Animal habitats The children developed an awareness of where to find creatures while on their bug hunts, then built bug habitats using logs, branches, stones, leaf litter, moss and dried grass and bark. A donated frog/toad house inspired them to build some ‘hedgehog hotels’ and ‘ladybird lodges’.
Seating After some professional felling, the logs were used as seating in places that children had previously identified as ‘a good place for listening’ and offering ‘wonderful views’.
Butterflies The children identified (on the internet) then planted wildflowers that attract butterflies. They also found out how nettles and thistles are valuable sources of food for caterpillars and identified areas where these could be left to grow.
Play tunnel Willow harvested with the help of the children has been used to create a willow tunnel in the garden outside their classroom.
Throughout, the children were very ‘hands on’, even cutting back brambles, under supervsion.


Pre-school children The project provided an ideal opportunity to work with the adjacent pre-school. The reception children showed the pre-school children their map of Far Field, guided them round the area and prepared a container for them to grow carrots. One activity they shared was making wildflower seed ‘bombs’ – pressing donated cornflower, poppy and corn marigold seeds into balls of compost and earth   then throwing them onto the wildflower bank.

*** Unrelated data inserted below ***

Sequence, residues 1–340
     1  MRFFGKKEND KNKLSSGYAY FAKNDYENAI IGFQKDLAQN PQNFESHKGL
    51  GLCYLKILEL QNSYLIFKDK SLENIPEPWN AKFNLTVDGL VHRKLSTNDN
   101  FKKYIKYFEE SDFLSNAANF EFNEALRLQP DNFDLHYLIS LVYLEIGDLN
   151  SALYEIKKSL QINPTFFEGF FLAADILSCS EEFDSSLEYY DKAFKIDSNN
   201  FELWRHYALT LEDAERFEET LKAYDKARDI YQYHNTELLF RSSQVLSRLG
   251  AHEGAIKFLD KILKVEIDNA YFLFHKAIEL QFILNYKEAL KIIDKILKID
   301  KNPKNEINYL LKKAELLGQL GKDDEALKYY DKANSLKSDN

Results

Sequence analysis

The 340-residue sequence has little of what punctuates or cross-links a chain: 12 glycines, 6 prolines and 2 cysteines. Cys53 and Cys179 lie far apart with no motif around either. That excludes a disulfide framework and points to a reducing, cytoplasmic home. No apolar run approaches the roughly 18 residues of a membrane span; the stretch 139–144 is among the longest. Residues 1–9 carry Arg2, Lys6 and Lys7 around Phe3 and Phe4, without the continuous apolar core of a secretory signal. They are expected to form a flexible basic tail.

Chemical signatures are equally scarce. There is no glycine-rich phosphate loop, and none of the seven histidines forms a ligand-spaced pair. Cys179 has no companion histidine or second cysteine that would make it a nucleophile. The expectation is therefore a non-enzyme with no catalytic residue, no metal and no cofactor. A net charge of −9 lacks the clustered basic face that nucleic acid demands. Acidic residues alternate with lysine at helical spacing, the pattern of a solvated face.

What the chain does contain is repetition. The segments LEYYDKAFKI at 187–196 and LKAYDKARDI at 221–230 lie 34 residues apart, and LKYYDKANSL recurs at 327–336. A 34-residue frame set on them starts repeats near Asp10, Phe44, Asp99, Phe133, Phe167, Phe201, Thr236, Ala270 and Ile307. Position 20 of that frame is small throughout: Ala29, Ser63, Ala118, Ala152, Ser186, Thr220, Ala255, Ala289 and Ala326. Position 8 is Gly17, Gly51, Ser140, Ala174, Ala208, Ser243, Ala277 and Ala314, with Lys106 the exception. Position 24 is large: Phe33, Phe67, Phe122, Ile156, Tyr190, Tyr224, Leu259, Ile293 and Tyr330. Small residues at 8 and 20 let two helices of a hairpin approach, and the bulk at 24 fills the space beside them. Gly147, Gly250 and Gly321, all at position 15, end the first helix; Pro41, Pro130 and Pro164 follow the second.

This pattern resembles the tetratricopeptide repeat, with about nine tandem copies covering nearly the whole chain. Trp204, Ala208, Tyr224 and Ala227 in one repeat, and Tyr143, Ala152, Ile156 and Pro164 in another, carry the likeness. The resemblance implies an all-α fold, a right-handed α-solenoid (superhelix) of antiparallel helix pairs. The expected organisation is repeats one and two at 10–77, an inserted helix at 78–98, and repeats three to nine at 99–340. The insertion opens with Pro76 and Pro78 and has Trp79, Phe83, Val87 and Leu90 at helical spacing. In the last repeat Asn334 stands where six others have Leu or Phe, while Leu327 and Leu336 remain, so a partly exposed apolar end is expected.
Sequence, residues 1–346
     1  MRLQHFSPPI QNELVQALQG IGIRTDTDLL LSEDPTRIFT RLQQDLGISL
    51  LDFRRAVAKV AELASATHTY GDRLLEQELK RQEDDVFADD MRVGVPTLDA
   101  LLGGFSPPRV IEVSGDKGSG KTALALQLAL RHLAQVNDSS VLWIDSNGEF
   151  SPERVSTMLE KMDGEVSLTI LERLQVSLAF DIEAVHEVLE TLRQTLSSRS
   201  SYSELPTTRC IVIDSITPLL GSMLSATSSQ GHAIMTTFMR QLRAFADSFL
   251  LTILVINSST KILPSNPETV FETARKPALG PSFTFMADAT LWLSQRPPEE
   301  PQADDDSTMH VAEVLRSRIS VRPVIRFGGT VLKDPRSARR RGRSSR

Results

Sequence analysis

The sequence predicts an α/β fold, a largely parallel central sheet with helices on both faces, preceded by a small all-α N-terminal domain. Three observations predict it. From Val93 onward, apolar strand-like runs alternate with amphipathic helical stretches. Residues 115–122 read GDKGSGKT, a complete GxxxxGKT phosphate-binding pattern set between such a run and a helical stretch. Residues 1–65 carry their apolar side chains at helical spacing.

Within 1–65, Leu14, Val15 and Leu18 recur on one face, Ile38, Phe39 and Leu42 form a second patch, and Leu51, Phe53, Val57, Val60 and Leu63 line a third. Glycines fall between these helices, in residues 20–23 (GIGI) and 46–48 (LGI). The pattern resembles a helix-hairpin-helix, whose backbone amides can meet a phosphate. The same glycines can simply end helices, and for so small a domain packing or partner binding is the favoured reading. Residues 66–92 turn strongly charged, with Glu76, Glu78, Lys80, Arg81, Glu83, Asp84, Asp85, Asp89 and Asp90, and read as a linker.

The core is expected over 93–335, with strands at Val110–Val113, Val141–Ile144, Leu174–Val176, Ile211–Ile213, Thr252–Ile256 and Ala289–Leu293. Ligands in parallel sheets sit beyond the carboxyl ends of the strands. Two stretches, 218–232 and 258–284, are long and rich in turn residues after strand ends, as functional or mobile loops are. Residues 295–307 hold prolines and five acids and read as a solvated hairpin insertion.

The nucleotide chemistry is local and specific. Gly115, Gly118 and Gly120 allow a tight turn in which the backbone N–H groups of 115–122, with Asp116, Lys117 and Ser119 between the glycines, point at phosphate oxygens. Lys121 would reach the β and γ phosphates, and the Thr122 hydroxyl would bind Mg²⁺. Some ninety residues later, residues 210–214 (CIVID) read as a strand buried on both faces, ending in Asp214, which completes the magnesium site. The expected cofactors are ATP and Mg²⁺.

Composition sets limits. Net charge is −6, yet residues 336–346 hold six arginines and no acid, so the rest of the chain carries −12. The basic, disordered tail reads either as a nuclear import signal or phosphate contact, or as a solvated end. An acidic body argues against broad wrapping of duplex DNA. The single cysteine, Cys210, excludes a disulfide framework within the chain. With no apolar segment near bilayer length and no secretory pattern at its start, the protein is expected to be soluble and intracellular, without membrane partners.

Older children Various year groups helped the Foundation Stage children with their project. For example, Year 5 children helped to lay trails and ‘treasures’ for the younger children to find – the treasures became prized possessions – while Year 4 children made tree identification discs to share with the Foundation Stage class. Year 6 children helped the younger ones with the heavier ground work and went on to create an audio guide to Far Field and an orienteering course for other classes.


‘The children learned to appreciate and care for things, which was one of our aims,’ says Ms Thomas. ‘They also learned to co-operate as they did a lot of practical activities where they needed each other’s help.’